Nurses dating nurses

02-Sep-2016 22:24

“When I became a nurse I didn’t think I’d ever be rich, but I did think I’d be able to go home and feel like I’d looked after people properly, but I don’t.I’m working so hard for so little, and I can’t even do my job properly.The organisation’s chief executive Janet Davis said a perfect storm of collapsing foreign arrivals in the profession due to Brexit, plummeting domestic applications, chronic low pay and high stress was pushing people out.Recent figures revealed the number of European nurses registering to work in the UK has fallen by 96 per cent since the EU referendum last June.Nurses across Britain have taken to the streets to demand the Government remove a public sector pay freeze, warning that low pay is fuelling staff shortages and risking patient safety.The 1 per cent pay cap, introduced in 2010, has seen nurses’ salaries rise below inflation – a real-terms cut of 14 per cent, according to the Royal College of Nursing (RCN).The RCN reports that there should be 340,000 nurses in the system to make sure patients are safe according to official standards, but one in nine posts – some 40,000 – are unfilled. Linda, a critical care nurse who did not wish to give her surname, said the cost of living and working in London was difficult as she is the main wage earner for herself and her husband.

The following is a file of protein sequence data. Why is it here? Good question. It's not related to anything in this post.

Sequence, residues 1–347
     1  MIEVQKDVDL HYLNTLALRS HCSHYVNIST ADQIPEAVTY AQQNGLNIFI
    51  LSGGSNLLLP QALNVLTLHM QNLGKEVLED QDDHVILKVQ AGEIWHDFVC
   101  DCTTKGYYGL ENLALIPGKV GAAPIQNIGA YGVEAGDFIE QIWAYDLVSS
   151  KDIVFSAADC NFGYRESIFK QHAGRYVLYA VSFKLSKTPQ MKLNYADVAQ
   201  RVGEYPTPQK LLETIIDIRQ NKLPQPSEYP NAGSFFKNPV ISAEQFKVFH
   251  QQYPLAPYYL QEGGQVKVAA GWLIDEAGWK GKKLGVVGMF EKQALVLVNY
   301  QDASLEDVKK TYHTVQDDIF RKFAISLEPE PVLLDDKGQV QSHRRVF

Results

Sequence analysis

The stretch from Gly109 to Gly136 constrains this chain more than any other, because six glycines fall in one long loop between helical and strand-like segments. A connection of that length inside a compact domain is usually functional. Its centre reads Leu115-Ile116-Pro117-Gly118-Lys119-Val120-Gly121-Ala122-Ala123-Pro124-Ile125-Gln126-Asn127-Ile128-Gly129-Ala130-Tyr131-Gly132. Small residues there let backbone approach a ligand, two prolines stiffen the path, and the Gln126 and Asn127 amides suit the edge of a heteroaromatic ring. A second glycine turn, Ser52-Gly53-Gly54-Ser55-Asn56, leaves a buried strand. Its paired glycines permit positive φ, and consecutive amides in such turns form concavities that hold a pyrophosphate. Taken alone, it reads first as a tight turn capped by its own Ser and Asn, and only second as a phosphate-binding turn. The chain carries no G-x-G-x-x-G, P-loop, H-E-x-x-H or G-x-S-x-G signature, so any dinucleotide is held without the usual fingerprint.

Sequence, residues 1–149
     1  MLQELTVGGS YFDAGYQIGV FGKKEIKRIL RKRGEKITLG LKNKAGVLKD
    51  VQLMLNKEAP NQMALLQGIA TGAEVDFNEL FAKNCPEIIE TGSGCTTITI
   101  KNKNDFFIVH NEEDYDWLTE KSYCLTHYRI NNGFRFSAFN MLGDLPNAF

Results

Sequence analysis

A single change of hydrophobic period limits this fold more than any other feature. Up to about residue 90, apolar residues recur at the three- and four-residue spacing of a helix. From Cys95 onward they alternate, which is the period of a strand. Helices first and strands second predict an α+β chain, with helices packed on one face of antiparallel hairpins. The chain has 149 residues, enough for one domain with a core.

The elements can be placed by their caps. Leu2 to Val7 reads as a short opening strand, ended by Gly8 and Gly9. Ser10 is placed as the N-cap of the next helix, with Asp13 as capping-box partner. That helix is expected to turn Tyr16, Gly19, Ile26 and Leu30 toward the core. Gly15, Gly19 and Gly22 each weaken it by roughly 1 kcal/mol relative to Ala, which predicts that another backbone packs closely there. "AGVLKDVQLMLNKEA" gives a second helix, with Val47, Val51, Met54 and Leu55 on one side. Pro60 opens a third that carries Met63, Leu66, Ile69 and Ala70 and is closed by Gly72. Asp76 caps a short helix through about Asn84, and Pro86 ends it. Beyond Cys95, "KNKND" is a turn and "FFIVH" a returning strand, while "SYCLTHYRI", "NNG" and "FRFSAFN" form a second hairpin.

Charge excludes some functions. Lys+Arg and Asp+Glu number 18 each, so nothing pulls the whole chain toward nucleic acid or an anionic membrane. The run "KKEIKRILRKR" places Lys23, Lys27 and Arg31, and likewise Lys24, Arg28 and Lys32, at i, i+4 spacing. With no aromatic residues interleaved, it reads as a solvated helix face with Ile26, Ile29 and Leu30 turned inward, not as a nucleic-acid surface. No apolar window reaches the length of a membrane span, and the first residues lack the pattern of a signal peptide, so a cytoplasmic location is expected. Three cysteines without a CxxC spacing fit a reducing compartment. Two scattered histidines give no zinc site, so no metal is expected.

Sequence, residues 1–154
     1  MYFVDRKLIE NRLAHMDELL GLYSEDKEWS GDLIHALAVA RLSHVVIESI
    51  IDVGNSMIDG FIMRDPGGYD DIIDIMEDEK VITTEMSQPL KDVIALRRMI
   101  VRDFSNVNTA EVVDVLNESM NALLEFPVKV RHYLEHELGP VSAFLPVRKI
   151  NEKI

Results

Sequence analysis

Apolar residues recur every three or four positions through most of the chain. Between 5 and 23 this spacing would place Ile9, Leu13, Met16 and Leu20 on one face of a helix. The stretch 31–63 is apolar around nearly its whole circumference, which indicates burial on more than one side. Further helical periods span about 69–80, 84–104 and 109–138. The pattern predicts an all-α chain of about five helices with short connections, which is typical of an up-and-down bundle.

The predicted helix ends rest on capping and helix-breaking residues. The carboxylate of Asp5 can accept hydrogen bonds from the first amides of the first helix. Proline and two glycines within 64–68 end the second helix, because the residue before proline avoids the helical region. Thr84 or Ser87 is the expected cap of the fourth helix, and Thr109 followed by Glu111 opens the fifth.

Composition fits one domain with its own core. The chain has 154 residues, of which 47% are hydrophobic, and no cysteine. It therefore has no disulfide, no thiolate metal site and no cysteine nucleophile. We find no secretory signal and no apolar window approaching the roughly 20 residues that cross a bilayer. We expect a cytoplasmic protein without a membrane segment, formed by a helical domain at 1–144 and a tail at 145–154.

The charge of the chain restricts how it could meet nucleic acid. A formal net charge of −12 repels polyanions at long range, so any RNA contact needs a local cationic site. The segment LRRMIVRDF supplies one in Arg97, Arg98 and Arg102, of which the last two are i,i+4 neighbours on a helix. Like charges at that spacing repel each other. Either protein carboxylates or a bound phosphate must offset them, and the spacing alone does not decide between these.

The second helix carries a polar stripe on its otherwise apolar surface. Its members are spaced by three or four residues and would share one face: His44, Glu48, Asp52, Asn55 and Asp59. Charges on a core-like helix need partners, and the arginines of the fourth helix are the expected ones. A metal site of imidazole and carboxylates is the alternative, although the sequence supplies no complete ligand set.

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Outside the Department of Health in London, dozens of nurses and campaigners called on Jeremy Hunt to lift the pay freeze, chanting “scrap the cap” and holding banners and balloons emblazoned with messages to the Health Secretary.Do you want someone who’s physically exhausted caring for you?It’s not right.” Former nurse Assok Bukhory told he had decided to take early retirement as he didn’t want to go back”.“I’m worried about the future of the profession and how bad it’s going to get.

The staffing levels are so terrible that they’re unsafe.” Ms Gray described working on a ward as “manic” and said she had decided to change her job to work on an intensive care unit, where there is lower risk of being left to care for an unsafe number of patients.At the London protest, Lauren Gray, a 22-year-old nurse who qualified in September last year, told “nursing is on the brink of a disaster if the Government don’t listen to us”.